Sleep loss and poor working conditions are the most important causes of occupational fatigue, which can impair mental and physical performance with the potential for serious errors and injuries.

That's according to a review and update in the October Journal of Occupational and Environmental Medicine, official publication of the American College of Occupational and Environmental Medicine.

Matthew Hallowell, Ph.D., and colleagues at the University of Colorado analyzed previous research to develop a "comprehensive systems model" of the interrelated causes and consequences of occupational fatigue.

Fatigue, which may be acute or chronic, is defined as "a decreased ability to perform activities at the desired level due to lassitude or exhaustion of mental and/or physical strength."

Downward Cycle

Based on available data, the "major drivers" of fatigue were sleep deprivation and factors in the work environment—such as noise, vibration, and temperature.

These causes could all interact with other factors, such as increased work load and long work hours.

The most significant consequences of fatigue were short-term degradation in cognitive and physical functioning.

Occupational fatigue affects more than 20% of U.S. workers, costing billions of dollars in lost productivity and healthcare costs.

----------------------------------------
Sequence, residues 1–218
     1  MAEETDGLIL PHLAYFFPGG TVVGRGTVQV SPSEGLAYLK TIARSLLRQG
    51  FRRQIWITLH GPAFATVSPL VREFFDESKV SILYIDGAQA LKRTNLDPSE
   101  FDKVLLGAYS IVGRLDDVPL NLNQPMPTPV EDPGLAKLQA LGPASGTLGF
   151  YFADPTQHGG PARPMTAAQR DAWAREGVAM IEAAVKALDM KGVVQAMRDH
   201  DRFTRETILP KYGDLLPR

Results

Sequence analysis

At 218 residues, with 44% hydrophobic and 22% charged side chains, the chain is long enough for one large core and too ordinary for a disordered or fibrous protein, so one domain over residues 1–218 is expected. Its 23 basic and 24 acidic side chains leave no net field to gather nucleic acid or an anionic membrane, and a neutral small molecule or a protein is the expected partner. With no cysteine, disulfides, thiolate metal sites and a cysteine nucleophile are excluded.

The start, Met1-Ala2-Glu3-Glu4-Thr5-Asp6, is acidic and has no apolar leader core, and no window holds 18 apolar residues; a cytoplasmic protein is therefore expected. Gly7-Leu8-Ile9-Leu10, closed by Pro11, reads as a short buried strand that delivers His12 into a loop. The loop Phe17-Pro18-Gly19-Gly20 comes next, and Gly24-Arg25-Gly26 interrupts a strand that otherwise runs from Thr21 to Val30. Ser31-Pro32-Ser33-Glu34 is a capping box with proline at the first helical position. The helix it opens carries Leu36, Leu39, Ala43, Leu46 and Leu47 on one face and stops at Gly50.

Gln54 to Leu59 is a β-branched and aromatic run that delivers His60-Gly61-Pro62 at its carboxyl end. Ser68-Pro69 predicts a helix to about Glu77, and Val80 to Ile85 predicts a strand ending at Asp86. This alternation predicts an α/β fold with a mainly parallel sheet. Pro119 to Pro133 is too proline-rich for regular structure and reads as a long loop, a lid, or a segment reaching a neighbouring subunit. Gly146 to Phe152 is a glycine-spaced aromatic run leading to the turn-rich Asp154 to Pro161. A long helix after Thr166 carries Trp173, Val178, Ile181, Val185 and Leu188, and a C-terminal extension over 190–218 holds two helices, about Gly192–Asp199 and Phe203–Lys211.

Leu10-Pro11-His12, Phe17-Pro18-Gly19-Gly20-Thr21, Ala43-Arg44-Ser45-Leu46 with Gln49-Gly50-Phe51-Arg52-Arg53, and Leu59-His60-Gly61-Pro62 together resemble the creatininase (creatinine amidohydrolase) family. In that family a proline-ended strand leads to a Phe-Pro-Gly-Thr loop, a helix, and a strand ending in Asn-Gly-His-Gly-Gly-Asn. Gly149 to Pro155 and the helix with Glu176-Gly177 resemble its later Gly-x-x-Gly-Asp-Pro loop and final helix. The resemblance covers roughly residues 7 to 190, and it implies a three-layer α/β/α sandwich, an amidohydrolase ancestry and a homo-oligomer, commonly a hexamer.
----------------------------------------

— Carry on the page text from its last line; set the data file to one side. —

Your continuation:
Illnesses, human error, and injuries also occurred to a lesser extent.

Evidence suggested that some consequences of fatigue can make other outcomes worse, reinforcing fatigue and leading to a downward cycle.

Steep Cost of Occupational Fatigue

Occupational fatigue affects more than 20% of the U.S. working population, resulting in more than $136 billion in lost productivity and healthcare costs each year.

Unfortunately, the problem of fatigue may draw attention only after major accidents, such as the Three Mile Island, Chernobyl, and Exxon Valdez disasters.

Although there has been considerable research on occupational fatigue, fewer studies have been conducted to replicate and validate those findings.

Hallowell and colleagues hope their model will help occupational health professionals and researchers to better understand the interrelated causes and consequence of fatigue.